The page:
NEW HAVEN – Five peace and labor organizations in Connecticut have been selected to receive People’s Weekly World Newsmaker Awards at an annual May Day rally to be held here on May 4.

The groups will be honored for organizing efforts that promote peace and preserve state and national social programs, jobs and equal opportunities for working people and their families.

Headlined “The World Says No to War,” the rally will celebrate the millions of working people across the globe who have participated in peace demonstrations, rallies and actions in the past six months in opposition to the war on Iraq.

Citing Rev. Jesse Jackson’s call to Yale for “Wages in New Haven, Not War in Iraq,” the rally will demand that “the billions being spent on military aggression and corporate interests must be reclaimed for jobs and income security, child care, health care and the preservation of Social Security, affirmative action, the right to join a union, the rights of immigrants, and the protection of our environment and all living things on earth.”

Organizations being honored include:

• Connecticut Labor Against the War, consisting of unions and labor councils who passed resolutions calling for an end to the military buildup and war on Iraq

• UNITE! union, which is organizing immigrant workers at 300 Cintas laundries nationally, including one in Branford, Connecticut.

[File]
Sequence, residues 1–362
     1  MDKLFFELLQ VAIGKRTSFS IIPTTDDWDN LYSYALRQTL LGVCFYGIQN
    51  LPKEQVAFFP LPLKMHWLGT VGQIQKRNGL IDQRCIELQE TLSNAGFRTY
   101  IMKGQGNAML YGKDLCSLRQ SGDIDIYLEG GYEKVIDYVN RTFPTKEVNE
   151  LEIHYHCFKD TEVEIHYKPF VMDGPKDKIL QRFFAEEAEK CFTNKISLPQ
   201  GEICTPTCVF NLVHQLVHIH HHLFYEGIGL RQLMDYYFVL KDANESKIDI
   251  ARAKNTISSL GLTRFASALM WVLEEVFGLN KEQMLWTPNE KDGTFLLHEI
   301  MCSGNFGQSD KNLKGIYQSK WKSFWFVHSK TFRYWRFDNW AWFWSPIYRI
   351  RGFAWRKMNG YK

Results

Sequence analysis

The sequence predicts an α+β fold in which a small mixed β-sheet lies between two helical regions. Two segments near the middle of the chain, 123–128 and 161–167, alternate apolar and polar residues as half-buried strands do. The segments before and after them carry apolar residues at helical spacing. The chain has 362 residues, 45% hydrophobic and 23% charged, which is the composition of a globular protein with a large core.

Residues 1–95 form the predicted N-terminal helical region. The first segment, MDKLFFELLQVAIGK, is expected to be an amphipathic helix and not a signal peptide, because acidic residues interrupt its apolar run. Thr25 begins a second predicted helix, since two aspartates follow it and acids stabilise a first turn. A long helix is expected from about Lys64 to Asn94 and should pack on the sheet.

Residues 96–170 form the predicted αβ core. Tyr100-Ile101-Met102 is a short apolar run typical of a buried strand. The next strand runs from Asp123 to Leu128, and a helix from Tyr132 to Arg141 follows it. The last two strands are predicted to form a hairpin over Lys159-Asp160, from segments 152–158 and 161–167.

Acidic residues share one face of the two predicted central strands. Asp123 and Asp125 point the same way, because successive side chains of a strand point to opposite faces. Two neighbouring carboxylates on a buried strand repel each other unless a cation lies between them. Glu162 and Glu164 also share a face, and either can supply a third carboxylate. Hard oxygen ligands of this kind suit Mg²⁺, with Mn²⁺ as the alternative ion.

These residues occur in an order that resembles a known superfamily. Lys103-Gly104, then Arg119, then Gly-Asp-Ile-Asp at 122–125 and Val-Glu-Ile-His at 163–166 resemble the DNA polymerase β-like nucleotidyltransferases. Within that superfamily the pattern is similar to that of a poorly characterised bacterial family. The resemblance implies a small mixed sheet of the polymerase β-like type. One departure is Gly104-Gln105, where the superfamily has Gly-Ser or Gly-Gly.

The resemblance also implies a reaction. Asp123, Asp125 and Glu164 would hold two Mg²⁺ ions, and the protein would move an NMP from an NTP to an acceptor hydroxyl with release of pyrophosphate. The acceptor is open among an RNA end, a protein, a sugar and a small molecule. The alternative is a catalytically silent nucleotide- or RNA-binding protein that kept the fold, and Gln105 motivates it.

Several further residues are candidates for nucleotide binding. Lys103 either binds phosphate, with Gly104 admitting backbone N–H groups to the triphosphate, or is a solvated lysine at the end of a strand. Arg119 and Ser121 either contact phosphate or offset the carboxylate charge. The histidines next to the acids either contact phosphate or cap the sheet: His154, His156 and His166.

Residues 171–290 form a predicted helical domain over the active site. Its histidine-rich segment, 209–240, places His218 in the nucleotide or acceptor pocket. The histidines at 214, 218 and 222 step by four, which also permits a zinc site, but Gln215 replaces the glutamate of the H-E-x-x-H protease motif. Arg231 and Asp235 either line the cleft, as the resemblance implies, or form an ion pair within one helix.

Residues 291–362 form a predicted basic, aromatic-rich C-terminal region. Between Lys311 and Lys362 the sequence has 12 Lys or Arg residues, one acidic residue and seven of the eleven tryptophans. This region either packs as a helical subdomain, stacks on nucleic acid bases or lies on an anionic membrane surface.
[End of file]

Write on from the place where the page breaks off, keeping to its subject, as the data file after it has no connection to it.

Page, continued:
• The One Connecticut coalition of over a hundred advocacy, social service, labor and religious organizations who, together with state workers’ unions and big city mayors, led the opposition to Governor Rowland’s cuts in human services and layoffs of state workers

• Promoting Enduring Peace, a national organization based in Milford which was a leader in organizing the Peace Train to New York on Feb. 15, and the conference on the USA Patriot Act held at Quinnipiac University April 26

• The Connecticut Coalition for Peace and Justice, which helped form vigils against war on Iraq in towns and campuses from the greater Hartford area to Middletown.

The awards will be presented by the unions at Yale who are previous recipients and who held a one-week strike in March in their effort to win decent contracts and union recognition.

May Day, international workers day, was founded in the USA in 1886 during a bitter strike in Chicago to limit the work day to eight hours. It is celebrated around the world as a time for working people to organize for better working and living conditions.

A cultural presentation highlighting peace actions by workers around the world, music and refreshments will be included. Contributions will be accepted for the People’s Weekly World. For information call (203) 624-8664.

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